Eagle County artist Justin Greshko’s works are natural and naturally intriguing

Artist Justin Greshko's work, which will be featured at Art on the Rockies, is as big as life, and sometimes bigger. He creates his works from material his finds in nature.
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To see Justin Greshko’s work, go to, or call 970-331-1843.To see Justin Greshko’s work, go to, or call 970-331-1843.

Justin Greshko is one of the only artists whose artistic vision might have begun through the crosshairs of a rifle scope.

Not so long ago, he was a hunting and fly-fishing guide who made some art on the side. Now, he’s an artist who guides and about his only hunting is for antlers, wood and other material near his home.

Greshko has been collecting antlers and interesting pieces of wood for years and hauling them home.

He has a big stock of what he calls “inventory,” which works out well because he has big ideas.

Greshko’s already working on his next piece, he said, and his next big thing is big. He’s not saying what it is, other than it’s big and he needs a big place to work on it.

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Greshko is kind of an accidental artist. He earned his college degree in biology and chemistry, but he has always created art. He wandered around Europe with his backpack, living on a shoestring and landed with a family of artists — blacksmiths — in northern Italy. The patriarch of the family took him to several festivals in that part of Europe.

“The authenticity and creativity of what he was doing made a real impression on me,” Greshko said.

In 2006, when he and his wife, Wendy, moved into their new house, he wanted to do something special, so he made some furniture with some of the material he had collected. A few of their friends raved about it, so he decided to try his hand at other pieces.

“With that first piece I got so much encouraging feedback from my friends that I decided to put my back into it,” Greshko said.

Wendy is a graphic artist, and the folks with a Beaver Creek gallery saw some of the promotional materials she put together for her husband, and sold his first couple pieces.

He got a few more jobs, bought some new tools and kept at it.

Completed works begat commissions and more sales, as they often do when you hand your muse a tool and tell her to get busy.

The pieces are largely aquatic and floral scenes, for now, but he’ll try anything.

“I love working on commissions and the clients have been very happy with it,” he said. “It’s a discussion. You see the space and get to know the client, and before long it all comes together.”

Greshko guided for years, and the outdoors is his passion. He finds all his materials on hikes as they’re recycling themselves in a circle-of-life kind of way.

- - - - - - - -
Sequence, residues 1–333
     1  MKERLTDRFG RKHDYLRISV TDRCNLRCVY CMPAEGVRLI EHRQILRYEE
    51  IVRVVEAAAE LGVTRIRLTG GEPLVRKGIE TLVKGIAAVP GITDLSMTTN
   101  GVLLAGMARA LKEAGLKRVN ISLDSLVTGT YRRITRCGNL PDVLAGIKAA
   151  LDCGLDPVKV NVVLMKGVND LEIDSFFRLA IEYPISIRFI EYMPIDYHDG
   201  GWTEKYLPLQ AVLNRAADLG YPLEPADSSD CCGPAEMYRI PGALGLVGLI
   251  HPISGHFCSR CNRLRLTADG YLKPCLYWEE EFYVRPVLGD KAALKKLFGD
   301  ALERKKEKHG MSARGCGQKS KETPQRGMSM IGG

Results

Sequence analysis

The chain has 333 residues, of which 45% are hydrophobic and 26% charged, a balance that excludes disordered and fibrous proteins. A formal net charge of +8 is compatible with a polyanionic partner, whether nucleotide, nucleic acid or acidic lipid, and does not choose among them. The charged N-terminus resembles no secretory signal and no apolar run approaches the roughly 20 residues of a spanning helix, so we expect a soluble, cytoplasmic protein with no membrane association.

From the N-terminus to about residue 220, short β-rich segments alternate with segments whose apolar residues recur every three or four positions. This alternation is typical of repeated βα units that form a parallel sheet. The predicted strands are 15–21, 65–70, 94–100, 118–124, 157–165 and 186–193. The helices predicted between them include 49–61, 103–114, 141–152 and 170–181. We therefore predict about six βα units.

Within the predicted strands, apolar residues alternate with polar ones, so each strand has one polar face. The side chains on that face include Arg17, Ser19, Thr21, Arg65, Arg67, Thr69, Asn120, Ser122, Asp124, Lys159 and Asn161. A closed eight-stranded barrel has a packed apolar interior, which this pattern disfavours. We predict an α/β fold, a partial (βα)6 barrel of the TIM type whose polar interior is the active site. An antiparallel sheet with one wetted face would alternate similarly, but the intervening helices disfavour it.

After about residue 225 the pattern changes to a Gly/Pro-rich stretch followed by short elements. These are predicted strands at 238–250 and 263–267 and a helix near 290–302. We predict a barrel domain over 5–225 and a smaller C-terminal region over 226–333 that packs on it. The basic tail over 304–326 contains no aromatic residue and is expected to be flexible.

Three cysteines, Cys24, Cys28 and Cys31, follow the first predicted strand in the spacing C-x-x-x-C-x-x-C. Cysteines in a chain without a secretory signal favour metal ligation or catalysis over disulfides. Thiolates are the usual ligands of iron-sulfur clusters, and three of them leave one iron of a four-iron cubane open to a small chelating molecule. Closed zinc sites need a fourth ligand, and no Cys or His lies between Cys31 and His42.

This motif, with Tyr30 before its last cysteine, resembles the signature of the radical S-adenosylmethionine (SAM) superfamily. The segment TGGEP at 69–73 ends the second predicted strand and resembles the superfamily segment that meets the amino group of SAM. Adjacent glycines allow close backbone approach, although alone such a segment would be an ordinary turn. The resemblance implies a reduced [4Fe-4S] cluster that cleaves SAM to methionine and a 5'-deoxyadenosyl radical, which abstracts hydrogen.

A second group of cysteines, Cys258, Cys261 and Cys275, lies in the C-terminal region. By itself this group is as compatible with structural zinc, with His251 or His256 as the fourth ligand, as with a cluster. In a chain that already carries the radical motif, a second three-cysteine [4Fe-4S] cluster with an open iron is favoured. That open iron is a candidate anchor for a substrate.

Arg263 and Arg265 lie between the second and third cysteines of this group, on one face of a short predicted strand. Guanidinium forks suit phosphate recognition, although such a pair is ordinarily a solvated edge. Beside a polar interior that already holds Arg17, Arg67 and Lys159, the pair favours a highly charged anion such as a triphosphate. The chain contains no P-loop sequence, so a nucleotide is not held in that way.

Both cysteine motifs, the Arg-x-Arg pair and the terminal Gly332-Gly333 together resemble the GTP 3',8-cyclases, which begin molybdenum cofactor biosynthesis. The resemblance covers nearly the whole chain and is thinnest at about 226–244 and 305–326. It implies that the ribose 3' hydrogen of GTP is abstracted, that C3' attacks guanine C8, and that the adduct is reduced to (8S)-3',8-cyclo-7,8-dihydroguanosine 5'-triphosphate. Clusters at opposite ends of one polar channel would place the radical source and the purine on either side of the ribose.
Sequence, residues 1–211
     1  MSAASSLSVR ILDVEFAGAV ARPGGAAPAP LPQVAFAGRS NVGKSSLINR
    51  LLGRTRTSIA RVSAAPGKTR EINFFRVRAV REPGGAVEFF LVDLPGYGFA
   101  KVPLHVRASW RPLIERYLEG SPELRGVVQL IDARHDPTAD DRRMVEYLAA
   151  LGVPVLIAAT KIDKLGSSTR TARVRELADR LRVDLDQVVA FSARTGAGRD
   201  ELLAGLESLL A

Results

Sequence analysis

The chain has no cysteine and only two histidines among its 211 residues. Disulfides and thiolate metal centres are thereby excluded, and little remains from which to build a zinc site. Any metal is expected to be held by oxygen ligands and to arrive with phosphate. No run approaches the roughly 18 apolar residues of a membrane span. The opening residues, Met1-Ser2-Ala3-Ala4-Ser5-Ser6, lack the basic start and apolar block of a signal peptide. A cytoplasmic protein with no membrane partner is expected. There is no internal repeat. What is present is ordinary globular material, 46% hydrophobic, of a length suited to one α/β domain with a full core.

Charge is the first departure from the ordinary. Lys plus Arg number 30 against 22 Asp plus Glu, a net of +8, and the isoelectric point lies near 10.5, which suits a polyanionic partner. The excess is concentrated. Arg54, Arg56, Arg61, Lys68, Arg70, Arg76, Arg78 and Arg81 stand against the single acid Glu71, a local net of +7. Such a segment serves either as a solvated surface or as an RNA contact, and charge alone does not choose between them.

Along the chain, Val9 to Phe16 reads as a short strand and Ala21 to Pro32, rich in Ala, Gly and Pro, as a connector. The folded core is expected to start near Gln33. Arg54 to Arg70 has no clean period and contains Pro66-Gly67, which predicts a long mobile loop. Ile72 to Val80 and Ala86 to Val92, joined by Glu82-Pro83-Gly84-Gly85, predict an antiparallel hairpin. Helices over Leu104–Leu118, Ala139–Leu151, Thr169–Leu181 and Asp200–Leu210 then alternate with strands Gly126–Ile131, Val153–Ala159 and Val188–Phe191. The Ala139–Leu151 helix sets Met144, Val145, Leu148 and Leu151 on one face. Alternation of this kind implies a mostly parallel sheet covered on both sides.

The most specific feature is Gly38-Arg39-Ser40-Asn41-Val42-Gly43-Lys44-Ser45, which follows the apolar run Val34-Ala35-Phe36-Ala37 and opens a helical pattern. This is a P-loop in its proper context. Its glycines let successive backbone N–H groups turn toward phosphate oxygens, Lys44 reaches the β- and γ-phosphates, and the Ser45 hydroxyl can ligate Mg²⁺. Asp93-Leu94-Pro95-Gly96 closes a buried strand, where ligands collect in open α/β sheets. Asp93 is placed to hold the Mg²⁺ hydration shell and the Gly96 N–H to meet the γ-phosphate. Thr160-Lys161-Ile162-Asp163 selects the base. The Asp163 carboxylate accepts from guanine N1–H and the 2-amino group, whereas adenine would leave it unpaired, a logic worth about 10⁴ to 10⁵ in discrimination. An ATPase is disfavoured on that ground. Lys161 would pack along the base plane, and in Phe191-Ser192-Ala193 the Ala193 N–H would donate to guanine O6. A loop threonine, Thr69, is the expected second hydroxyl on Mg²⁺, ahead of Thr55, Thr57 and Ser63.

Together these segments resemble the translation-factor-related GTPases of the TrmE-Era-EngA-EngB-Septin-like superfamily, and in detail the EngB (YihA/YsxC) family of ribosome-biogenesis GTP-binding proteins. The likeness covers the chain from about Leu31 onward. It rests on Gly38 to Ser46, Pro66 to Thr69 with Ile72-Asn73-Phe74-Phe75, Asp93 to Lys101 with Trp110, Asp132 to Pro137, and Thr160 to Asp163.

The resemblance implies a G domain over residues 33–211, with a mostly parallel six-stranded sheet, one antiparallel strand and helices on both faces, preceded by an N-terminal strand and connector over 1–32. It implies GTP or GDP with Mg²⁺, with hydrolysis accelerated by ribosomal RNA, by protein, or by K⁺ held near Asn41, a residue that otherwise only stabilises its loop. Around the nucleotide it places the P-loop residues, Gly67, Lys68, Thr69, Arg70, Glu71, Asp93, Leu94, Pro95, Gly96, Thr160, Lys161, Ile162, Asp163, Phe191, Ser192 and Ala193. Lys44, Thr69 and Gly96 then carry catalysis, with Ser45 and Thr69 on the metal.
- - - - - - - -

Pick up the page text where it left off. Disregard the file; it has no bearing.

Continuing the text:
“The materials are already weathered by being outdoors,” he said.

He hikes around looking for materials from February to about May, and then starts feeling guilty and turns out some work, he said.

He asks ranchers to go through their slash piles, and that has broadened his horizons a little.

“Most people don’t think about those things,” he said. “I’ll get excited about an idea. Someone suggests something or I come up with it, and it pops.”


A fellow artist and English major came up with the term “derivative incrementalism” to describe something Greshko’s work certainly is not.

Derivative incrementalism works like this:

You go to art shows and see something that looks like aspen trees. Then some other artist paints aspen trees in off-the-wall colors, tweaking some other artist’s work. And so it goes.

Greshko’s is not derivative or incremental.

It does, however, tend to be big and unique. That cross you see on the previous page is 7 feet tall and 58 inches wide.

“It’s a big piece that makes a big statement,” he said.


Originally Greshko is from Annapolis, Maryland. He came to Vail after he didn’t get signed by a major league baseball team, following several tryouts. His dad had died, and he drove his mom to the Rocky Mountains to get her mind off it and he stayed. He was sleeping on his sister’s couch and spotted an ad for a fly-fishing guide. He spent years going back and forth between here and Patagonia, wherever it was summer.

In Patagonia, they have to get everything from almost nothing, so he learned to do things like fix a car with a shoestring or fix a boat with something out of someone’s shed.

“We were always running into amazing situations — the weather acting up and things breaking, but we always figured it out,” Greshko said. “It gave me confidence to try things.”

Staff Writer Randy Wyrick can be reached at 970-748-2935 and

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